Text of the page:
How to Make Your Will
Who needs a will? You do! With a will, you—not the state—make the decisions about what happens to your assets after you die.
Writing a will isn't difficult, and by spelling out your wishes you're making things easier for those you leave behind.
Why You Need a Will
Maybe you feel there's no hurry to write a will because you’re healthy and don’t have many assets. But don't put it off.
If you die without a will—called intestate—the state you live in will gain control of your assets and act on your behalf. A court-appointed administrator will make decisions about distribution of your property and the guardianship of your children. The state’s one-size-fits-all approach to settling estates may go against what you actually want to happen with your estate.
Don't be deterred by cost or complexity. Simple wills are inexpensive and the process is straightforward.
Do it yourself or hire an attorney?
- Do it yourself. You'll find legal software online at sites such as Nolo Press or Legal Zoom.*
- Use an attorney. Using an attorney may cost more, but you may be able to find one that charges a flat fee for preparing a will (sometimes as little as $100). Find out what information you'll need when you meet with your attorney and come prepared.
Decide on an executor and guardian.
- Executor. An executor files your will with the court upon your death and makes sure the terms of it are followed. Name a trusted friend, a family member, or a professional fiduciary such as a bank trust department or attorney.
- Legal guardian. If you have children under the age of 18 you also need to name a legal guardian (caretaker) for your minor children. Discuss your expectations with your potential caretaker(s) and make they are willing to take on that responsibility.
- Include backups. Name contingent executors and guardians in case your first choices are unable to serve. Use the same care in selecting these people as you did with your primary choices.
Keeping an updated list of your assets and beneficiaries will help you and eventually your executor keep track of any accounts you might have.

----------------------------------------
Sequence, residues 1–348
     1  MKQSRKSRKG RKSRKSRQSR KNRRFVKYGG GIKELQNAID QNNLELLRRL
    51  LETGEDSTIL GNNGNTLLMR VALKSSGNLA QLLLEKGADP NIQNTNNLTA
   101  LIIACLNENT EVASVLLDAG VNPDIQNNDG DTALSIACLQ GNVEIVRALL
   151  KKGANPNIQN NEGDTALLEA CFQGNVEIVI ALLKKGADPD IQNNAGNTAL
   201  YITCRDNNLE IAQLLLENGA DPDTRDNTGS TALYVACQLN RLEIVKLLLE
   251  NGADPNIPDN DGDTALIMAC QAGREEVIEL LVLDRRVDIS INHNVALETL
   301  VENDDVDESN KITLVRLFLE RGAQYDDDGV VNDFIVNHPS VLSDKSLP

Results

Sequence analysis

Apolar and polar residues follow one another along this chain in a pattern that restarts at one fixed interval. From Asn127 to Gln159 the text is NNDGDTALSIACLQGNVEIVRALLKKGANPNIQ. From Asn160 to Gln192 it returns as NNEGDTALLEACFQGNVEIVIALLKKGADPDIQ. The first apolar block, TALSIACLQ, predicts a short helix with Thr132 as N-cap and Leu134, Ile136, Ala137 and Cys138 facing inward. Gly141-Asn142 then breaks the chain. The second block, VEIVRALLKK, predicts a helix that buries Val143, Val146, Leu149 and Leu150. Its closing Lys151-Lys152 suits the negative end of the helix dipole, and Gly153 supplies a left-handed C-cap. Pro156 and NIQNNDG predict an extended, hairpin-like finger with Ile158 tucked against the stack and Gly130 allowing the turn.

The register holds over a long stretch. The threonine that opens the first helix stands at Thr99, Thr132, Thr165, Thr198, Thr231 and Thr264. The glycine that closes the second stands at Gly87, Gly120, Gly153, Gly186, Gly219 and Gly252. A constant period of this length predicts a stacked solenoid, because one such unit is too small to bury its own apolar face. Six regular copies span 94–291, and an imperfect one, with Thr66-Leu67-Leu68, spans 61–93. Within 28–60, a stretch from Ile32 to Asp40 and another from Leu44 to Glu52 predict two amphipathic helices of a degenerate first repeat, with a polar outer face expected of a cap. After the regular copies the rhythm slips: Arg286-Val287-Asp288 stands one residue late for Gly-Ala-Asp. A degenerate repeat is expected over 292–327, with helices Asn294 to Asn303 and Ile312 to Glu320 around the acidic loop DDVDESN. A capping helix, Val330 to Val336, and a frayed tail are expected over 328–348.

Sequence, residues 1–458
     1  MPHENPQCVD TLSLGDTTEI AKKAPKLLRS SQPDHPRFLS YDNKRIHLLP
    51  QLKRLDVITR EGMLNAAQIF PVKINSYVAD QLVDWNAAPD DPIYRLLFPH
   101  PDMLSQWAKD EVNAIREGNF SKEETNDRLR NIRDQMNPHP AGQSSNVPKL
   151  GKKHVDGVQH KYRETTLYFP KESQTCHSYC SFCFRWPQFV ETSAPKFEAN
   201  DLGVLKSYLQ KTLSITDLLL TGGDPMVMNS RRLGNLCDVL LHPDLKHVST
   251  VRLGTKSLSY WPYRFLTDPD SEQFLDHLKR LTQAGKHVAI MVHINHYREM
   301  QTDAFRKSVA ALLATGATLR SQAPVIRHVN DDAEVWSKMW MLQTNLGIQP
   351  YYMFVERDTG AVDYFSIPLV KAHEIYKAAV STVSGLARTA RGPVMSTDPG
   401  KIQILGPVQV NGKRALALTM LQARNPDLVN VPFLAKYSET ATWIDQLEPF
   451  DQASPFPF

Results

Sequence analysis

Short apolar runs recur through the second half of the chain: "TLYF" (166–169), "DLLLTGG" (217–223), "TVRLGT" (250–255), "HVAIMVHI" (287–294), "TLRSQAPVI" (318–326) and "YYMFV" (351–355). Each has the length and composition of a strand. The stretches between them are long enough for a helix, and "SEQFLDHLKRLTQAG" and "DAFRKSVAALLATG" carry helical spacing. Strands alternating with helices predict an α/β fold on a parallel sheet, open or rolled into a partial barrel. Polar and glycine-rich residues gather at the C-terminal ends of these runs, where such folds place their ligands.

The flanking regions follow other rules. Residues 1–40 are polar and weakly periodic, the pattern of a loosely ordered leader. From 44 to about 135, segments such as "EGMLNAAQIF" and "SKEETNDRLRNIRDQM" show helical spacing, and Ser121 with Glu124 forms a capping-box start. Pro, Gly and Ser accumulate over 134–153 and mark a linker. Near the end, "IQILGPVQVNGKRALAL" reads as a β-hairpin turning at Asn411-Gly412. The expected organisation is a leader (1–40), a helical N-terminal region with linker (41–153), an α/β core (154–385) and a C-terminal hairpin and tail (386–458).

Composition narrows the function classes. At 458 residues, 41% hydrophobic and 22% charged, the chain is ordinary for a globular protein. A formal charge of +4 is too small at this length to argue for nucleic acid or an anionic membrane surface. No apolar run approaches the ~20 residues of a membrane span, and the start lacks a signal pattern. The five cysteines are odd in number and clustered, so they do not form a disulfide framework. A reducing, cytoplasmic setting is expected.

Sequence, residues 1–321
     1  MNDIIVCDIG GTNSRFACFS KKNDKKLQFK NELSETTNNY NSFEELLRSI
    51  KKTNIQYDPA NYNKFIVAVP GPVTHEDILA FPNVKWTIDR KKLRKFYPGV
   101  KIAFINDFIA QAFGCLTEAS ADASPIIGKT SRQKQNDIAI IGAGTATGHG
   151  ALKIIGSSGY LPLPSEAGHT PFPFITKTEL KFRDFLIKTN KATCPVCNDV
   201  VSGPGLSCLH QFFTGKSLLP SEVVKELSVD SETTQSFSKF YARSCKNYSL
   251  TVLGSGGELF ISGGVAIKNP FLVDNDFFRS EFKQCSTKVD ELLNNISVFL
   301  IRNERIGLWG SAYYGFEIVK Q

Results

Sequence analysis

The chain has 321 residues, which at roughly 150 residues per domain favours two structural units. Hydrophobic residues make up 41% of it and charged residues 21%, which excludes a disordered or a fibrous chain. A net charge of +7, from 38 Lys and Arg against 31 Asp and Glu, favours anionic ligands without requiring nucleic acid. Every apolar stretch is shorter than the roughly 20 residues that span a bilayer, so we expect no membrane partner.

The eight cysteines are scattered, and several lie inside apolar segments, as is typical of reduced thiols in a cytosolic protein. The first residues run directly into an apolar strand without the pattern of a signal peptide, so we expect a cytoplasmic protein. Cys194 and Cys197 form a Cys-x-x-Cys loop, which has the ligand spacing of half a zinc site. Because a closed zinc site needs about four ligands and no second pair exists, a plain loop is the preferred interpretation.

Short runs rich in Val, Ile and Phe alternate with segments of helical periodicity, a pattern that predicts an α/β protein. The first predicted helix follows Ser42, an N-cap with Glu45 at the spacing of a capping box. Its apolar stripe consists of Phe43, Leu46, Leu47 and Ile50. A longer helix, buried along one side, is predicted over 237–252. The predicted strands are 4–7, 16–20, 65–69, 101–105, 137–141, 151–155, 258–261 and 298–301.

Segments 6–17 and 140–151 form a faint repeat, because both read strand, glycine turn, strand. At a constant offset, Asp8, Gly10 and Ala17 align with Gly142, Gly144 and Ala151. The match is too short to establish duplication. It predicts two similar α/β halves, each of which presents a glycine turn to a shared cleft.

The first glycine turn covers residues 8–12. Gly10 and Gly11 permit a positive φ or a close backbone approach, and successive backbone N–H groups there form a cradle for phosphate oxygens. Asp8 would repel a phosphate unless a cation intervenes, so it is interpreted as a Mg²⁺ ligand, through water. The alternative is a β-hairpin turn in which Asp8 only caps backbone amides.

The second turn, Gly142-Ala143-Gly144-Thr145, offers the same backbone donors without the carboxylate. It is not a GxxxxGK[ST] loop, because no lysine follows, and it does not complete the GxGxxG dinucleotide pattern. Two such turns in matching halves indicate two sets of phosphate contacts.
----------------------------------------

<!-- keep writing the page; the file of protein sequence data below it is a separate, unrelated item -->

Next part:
Compile a list of accounts. Include the bank, insurance, or investment firm’s contact information and account numbers. Note any assets that are titled, or co-owned, with someone else. The person on the title is legally in line to take full ownership of the asset, regardless of what your will says.
Keep the list in a safe place (in a home firebox or safe or in a bank safety deposit box) and make sure your executor knows where it is.
Sync your beneficiaries. Check beneficiary designations on retirement accounts and life insurance policies. If you have assigned beneficiaries on these accounts, the asset will go to them even if you name someone else in your will.
Update Your Will
Store a copy of your will in a safe place (a home firebox or safe, or in a bank safety deposit box). Also give a copy to a family member or friend who will be involved in your affairs after you’re gone. If you make changes in your will, destroy earlier copies.
Respond to changing life events. Legal experts advise reviewing a will or other estate planning documents regularly. That way, you can make adjustments for changes in relationships—the death of an heir or guardian, a birth or divorce in the family, etc.—or changes in economic circumstances for you or your heirs. You also may want to alter certain parts of your will if tax laws change.
Review beneficiaries. Keep your beneficiary designations on retirement savings plans and life insurance policies current and make sure they’re in sync with your will and other legal documents.
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